As regular readers will know, I am not a great fan of this project, but Jerry Brown had a moment of clarity when he appointed Katherine Perez-Estolano to be on the California HSR Board, and she represents the project beautifully. Here she is discussing the project and the progress to date in USC’s Urban Growth Seminar.
Tag Archives: high speed rail
Attention Conservation Notice: HSR supporters have undermined their own vision through their cynical lack of faith in voters and democratic process. Yeah, democracy is tedious. And you don’t get what you want when you want it. That’s the price.
For those of you who have been watching the California HSR saga, the Superior Court Judge Michael Kenny issued his second ruling in the Kings County Lawsuit filed earlier this year. To recap, the lawsuit alleged multiple things (and since I’m not a lawyer, I will probably mess this up, but here goes)
1. The state does not have a finance plan that satisfies Prop 1a passed in 2008, which the first link of statewide HSR system (520 km if I remember right), and that link would operate without taxpayer subsidy. (Whose idea was it to put THAT in the initiative? Yes, HSR systems make money around the world; but they usually do so after government eats most of the early capital cost risks and babies the systems along in their early years. Is that really so wrong, when you think about it? Isn’t one of the roles of government to absorb risk?)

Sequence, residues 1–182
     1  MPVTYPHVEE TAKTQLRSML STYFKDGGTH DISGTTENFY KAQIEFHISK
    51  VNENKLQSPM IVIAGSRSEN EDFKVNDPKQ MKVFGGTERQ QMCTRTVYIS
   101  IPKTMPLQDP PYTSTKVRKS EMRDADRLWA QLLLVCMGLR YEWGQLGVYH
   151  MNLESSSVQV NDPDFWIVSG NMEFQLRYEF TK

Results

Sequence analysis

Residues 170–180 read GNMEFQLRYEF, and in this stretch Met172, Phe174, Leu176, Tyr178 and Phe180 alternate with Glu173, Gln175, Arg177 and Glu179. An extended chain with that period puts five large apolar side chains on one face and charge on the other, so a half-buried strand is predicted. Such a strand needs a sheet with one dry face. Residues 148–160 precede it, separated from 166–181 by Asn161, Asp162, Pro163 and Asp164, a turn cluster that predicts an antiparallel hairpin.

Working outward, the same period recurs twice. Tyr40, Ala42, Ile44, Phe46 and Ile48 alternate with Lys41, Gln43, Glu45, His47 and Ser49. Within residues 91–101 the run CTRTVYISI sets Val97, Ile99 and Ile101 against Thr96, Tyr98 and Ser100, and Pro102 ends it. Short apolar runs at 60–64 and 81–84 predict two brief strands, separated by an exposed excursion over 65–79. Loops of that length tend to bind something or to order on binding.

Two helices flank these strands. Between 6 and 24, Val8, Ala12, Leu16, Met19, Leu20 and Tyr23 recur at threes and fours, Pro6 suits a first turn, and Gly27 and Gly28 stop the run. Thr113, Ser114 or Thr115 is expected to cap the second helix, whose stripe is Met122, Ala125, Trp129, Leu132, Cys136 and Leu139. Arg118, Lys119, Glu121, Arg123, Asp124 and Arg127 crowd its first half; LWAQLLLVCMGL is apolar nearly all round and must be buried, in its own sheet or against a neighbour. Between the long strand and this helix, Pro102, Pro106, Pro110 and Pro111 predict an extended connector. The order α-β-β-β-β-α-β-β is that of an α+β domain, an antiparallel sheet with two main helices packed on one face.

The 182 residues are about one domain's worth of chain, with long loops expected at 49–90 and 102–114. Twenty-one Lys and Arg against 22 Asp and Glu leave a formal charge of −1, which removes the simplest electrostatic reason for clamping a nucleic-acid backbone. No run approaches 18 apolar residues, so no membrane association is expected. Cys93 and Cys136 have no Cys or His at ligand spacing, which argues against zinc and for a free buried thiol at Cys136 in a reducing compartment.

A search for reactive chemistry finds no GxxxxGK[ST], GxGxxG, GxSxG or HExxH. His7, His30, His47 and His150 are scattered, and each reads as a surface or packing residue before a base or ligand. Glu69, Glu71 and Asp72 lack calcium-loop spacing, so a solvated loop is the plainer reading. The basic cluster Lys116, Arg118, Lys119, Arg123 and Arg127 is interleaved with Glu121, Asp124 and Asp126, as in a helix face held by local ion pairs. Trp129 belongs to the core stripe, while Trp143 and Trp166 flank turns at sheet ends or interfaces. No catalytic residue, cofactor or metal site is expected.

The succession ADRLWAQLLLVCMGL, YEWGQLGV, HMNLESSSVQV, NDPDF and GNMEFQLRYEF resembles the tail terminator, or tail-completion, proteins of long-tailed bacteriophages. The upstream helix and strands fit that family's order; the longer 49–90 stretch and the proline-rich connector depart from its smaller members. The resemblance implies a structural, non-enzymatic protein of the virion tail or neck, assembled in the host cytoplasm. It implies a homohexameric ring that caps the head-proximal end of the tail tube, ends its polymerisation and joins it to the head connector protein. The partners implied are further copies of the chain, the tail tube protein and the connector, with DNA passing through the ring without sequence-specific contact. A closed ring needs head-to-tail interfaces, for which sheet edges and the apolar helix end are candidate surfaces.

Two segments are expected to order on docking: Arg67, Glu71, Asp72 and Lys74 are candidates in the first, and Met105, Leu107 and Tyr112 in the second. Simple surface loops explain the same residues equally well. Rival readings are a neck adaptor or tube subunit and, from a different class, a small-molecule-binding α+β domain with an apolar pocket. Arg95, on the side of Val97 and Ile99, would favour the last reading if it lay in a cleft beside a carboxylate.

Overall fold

2. The “blended system” plan that came about after the CHSRA was forced to admit the real costs of the proposed high speed rail system isn’t what Prop 1a promised voters. (The cost estimates went from $32 billion at the time of the vote, which was laughable, to $43 billion, and then, after much dusting up with People Who Can Do Math the far-more-accurate $83 to $117 billion, which caused an outcry, which caused them to rescope the project to the blended system, resulting about $76 billion. This rescoping is going to bite them, too. Yeah, I know, but keep up, would you?)
3. And therefore, the state is not allowed to spend out of the $9 billion of bonds that Prop 1a authorized, which also means they can’t spend from the federal pots of money they obtained either.
Sigh. That’s only on Part 1. Part 2 of the lawsuit will be argued in 2014, when they take on whether the blended system on the table captures what voters were promised. As it stands now, plenty of people are annoyed; what they voted for was a high speed rail system. They didn’t vote for a proposition that builds HSR in the central valley and then improves Caltrain and Amtrack in the big urban markets. The revised cost estimates made some folks furious; the revised construction plan annoys plenty of others who note that the resulting system is not likely to be particularly high speed. (It would be higher speed than now. Does that help?)